Understanding democracy as a product of citizen performances reduces the need for a defined ‘people’

In a paper recently presented at the 2015 APSA Annual Meeting, Liron Lavi addresses the conflict between the understanding of democracy as ‘the rule of the people’ and the fact that ‘the people’ will always be a heterogeneous, open, and dynamic concept. She writes that if democracy is understood as an effect produced by repetitive performative acts, ‘the people’ is produced as the source of democratic sovereignty and does not need to be a single, coherent entity.

Dēmokratía, literally ‘the rule of the people’, is the basis for democracy as a political regime. However, ‘the people’ is a heterogeneous, open, and dynamic entity. So, how can we think about democracy without the people as a coherent entity, yet as the source of democracy? I employ a performative theorisation of democracy in order to answer this question. Democracy, I suggest, is an effect produced by repetitive performative acts and ‘the people’ is produced as the source of democratic sovereignty.

A quick search on ‘democratic performance’ will usually yield results (and concerns) regarding voter competence, government accountability, liberal values, and legitimacy. However, from the perspective of performative theory, the term gains a rather different meaning (as has been discussed at length by Judith Butler). It suggests that democracy is not a pre-given structure but rather needs to be constructed repeatedly. Thus, for a democracy to be recognised and maintained as such it needs to be performed by citizens, institutions, office-holders, the media, etc. Acts made by these players – voting, demonstrating, decision- and- law-making, etc. – give form to the abstract concept of democracy, thus producing it as their (imagined) source. There is, therefore, no finite set of actions that can determine once and for all that a social structure is indeed a democracy, for the regime is not a stable and pre-given structure, but rather produced and imagined through a multitude of acts and procedures.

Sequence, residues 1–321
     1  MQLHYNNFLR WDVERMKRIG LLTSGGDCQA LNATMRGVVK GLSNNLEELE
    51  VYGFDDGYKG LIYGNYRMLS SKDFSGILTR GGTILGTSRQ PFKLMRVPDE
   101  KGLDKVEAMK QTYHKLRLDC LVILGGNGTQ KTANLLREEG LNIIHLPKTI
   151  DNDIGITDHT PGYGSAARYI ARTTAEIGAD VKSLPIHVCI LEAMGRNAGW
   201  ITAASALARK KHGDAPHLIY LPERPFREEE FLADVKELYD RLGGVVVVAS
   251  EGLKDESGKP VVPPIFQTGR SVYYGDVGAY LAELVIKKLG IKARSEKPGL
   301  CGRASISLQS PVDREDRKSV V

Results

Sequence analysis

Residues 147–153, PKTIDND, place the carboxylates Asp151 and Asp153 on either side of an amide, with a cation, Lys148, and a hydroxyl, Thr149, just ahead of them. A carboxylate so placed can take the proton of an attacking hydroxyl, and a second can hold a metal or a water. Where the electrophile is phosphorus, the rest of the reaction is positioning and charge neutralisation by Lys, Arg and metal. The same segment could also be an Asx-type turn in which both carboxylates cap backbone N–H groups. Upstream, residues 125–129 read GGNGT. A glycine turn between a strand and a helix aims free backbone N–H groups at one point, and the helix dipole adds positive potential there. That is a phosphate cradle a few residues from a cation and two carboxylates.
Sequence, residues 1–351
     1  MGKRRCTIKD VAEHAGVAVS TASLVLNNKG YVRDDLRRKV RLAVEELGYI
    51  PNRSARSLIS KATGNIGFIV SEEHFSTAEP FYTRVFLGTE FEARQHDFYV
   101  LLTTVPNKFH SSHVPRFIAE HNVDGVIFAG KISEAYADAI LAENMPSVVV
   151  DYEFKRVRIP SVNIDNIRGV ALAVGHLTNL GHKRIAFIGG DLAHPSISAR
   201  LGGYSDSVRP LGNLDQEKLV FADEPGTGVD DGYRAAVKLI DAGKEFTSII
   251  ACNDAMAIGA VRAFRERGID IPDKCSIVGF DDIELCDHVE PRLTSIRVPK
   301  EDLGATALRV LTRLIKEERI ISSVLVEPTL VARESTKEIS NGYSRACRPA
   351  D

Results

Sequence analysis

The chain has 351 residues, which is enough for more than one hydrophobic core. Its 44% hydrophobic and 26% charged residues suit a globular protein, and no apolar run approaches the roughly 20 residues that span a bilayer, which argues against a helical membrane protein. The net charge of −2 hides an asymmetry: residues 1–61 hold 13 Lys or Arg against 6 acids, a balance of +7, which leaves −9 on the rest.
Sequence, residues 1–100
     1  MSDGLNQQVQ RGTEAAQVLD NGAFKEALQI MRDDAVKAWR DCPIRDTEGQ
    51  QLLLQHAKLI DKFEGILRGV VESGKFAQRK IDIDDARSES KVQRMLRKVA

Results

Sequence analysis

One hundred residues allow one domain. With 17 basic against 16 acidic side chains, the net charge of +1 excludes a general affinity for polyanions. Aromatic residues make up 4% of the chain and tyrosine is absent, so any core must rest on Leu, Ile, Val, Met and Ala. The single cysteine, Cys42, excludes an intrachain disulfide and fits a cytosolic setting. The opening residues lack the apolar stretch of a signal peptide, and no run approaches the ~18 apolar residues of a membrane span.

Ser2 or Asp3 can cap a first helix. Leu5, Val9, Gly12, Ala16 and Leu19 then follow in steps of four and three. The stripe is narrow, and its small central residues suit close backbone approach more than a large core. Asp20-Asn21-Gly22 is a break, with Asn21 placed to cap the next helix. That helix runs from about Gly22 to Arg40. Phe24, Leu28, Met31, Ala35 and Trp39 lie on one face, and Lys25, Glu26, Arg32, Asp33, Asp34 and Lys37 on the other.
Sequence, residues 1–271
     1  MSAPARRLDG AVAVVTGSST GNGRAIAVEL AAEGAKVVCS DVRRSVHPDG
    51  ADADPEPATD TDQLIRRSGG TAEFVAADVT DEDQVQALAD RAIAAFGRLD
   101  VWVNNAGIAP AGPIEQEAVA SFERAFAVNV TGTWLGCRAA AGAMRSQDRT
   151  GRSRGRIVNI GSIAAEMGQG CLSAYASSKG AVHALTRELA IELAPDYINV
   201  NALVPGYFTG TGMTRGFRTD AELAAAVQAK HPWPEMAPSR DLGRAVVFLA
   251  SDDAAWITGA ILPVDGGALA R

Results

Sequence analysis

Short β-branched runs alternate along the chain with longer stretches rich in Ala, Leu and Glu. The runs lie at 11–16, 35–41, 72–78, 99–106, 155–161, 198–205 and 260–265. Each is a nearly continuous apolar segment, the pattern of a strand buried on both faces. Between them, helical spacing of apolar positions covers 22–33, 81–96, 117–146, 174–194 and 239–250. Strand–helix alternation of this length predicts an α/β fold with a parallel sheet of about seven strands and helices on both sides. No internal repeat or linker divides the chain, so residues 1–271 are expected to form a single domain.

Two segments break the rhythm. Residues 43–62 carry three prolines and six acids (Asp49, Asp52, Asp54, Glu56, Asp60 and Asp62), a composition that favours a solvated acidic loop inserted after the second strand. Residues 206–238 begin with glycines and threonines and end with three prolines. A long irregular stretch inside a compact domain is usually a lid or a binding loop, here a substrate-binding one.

Elections, for example, are a democratic performance insofar as they are perceived as an effective tool for expressing the public’s preferences and choosing its representatives and desired policies. Polling stations are therefore the site in which democracy is constituted insofar as all eligible members (can) participate in the act of voting, and therefore are constructed as the source of sovereignty. By this, elections produce democracy as their effect, as their source, and hold together the political imagination of democracy. And they do this periodically, thus open options for new variations (and failures) in the democratic effect they produce. Elections are therefore, not only an opportunity to replace representatives and incumbents, but also an opportunity to perform democracy, shape it, alter it, and load it with various meanings.

The 2008 presidential election in the United States is one example for such a case, as shown in Thomas Friedman’s words in the day after the elections:

And so it came to pass that on Nov. 4, 2008, shortly after 11 p.m. Eastern time, the American Civil War ended, as a black man — Barack Hussein Obama — won enough electoral votes to become president of the United States.

A civil war that, in many ways, began at Bull Run, Virginia, on July 21, 1861, ended 147 years later via a ballot box in the very same state.

The Civil War could never truly be said to have ended until America’s white majority actually elected an African-American as president.